Arts & Culture

Seeing more

5 min read

‘Art of Looking’ sharpens students’ critical eye

Lily Lu starts with the monkey’s face.

Sitting in the Materials Lab in the Harvard Art Museums, the freshman holds the pink rubber block firmly in place while pressing a skew chisel along the primate’s pre-printed image. The tool glides into the soft material with ease, and Lu moves quickly to the body.

“I didn’t expect a lot of hands-on stuff in the class,” said Lu. “I thought I’d only be reading and writing. Being able to interact with the materials brings an extra understanding to these pieces of art and how they came to be.”

That duality — putting art literally into the hands of students while also putting it into historical and experiential context — is at the heart of “The Art of Looking,” and has helped make the class the most popular of the three Framework Courses developed as part of the Humanities Project at Harvard. The courses — “The Art of Listening” and “The Art of Reading” are the others — are in their fourth year.

“Looking” drew 215 applications for 105 spots this spring, prompting Framework co-creator Robin Kelsey, Shirley Carter Burden Professor of Photography and chair of the Department of History of Art and Architecture, to reflect on its early success.

“This course gives students a chance to think differently about the visual technologies that permeate their lives,” he said. “It brings humanistic thinking to where the students already are, and through a series of experiential encounters, takes them somewhere new.”

He added, “There’s a tendency in our culture to think that looking is a natural act that requires no training. But looking is structured by technologies, habits, and expectations.”

Kelsey’s plan for his weekly 90-minute lectures is to bring historical awareness and contextual experience to 13 technologies that have transformed visual communication. He wants students to ask big questions such as: “Why the oil painting — which culture decided it was a good form?” and “How did maps change the way the world was seen?”

The group led by head teaching fellow Matt Gin to the Art Museums on a recent Wednesday was largely made up of science concentrators intent on deepening their understanding of how to look with a critical eye. The session in the Materials Lab built on a recent Kelsey lecture on woodcuts.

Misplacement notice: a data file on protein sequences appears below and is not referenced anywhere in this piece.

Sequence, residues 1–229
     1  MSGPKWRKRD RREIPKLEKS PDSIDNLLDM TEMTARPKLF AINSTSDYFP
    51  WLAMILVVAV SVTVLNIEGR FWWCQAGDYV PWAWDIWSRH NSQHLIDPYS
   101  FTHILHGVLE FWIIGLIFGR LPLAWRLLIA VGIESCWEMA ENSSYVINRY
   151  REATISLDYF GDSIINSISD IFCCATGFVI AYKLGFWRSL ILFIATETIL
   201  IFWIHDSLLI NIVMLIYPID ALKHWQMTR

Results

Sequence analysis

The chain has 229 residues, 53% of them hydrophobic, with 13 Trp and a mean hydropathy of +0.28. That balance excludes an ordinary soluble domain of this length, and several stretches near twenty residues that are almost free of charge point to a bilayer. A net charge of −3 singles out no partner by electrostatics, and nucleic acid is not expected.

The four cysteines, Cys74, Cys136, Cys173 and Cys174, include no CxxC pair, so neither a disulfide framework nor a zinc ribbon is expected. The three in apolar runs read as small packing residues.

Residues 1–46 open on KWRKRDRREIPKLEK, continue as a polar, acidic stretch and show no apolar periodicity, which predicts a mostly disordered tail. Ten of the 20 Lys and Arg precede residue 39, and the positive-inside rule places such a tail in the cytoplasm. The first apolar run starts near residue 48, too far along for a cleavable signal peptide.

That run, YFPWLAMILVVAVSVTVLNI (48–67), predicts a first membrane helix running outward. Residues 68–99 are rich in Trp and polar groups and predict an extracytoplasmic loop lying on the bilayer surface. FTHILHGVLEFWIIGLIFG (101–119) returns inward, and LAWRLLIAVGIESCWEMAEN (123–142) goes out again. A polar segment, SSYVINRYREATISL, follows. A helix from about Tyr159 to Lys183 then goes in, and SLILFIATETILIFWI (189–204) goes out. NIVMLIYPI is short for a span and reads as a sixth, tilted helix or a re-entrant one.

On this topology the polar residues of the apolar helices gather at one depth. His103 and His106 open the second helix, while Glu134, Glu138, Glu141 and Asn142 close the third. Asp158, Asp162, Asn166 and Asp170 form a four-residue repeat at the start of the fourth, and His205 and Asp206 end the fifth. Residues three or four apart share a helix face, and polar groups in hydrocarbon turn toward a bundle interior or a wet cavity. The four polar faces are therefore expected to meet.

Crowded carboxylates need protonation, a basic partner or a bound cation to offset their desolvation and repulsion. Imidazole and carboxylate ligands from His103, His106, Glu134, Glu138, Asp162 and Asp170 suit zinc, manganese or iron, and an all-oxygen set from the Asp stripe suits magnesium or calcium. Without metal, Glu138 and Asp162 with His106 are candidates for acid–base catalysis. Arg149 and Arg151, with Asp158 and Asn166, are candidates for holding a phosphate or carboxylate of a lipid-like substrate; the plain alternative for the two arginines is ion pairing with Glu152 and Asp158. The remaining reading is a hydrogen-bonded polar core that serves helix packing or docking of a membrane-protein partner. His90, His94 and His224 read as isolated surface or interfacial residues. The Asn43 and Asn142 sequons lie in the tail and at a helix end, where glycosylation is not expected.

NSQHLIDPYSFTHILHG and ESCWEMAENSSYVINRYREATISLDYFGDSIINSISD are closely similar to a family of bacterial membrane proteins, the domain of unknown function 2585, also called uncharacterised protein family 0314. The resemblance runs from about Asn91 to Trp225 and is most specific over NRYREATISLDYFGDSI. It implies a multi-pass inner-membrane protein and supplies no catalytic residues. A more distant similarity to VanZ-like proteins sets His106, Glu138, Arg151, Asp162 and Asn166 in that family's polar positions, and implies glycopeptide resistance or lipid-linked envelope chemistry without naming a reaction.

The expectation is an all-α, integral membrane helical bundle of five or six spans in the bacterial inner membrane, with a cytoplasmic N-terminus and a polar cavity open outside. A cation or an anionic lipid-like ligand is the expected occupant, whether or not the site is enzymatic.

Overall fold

Audria Amirian, a concentrator in economics and government, used a V-shaped chisel on her monkey shape, finding the work “pretty therapeutic.”

“In what way?” Gin asked.

“I guess the texture,” she answered. “I’m not sure. You don’t even have to try much. It’s the same effect of coloring. It’s similar to the adult coloring books all my roommates have.”

At the nearby printing table, Adam Jiang hand-rolled a print of his carving. The junior, who is concentrating in biomedical engineering, had broken away from the assigned monkey shape to carve his own design of a penguin, a favorite from family art projects.

Jiang, who signed up for “The Art of Looking” at the suggestion of his girlfriend, Eileen Feng, said the class has given him “a different perspective” on the world.

“Science is why things are. You know why air flows so fast from a series of equations or problems. This gives you a good sense of what is framing it. Engineering is often missing the ethical or human component.”

After an hour of cutting and printing their miniature creations, the group moved to the Art Study Center, where a curator had set out more than 30 fine art woodblocks and ink prints, including a early 16th-century woodcut of a rhinoceros by Albrecht Dürer and a Winslow Homer engraving titled “The Army of the Potomac — Our Outlying Picket in the Woods.”

After spending a few minutes observing all of the objects, the students picked individual pieces for longer, in-depth study. Jake Hummer found himself captivated by Gustav Kruell’s “Francis James Child,” a woodblock portrait of the 19th-century Harvard scholar.

“Almost every hair is drawn,” Hummer said.

Gin nodded, adding: “It’s good you have a magnifying glass because you start to see different textures on the page that come from woodblock printing.”

The students moved along the wall to view a series of small engravings used as bookplates, and a group of Japanese prints with translucent elements reflecting the influence of Western optical instruments in Asian art starting in the mid-1800s.

“Next week we’re going to look at a single painting for an hour,” Gin told the students. “You’ve warmed up your looking muscles.”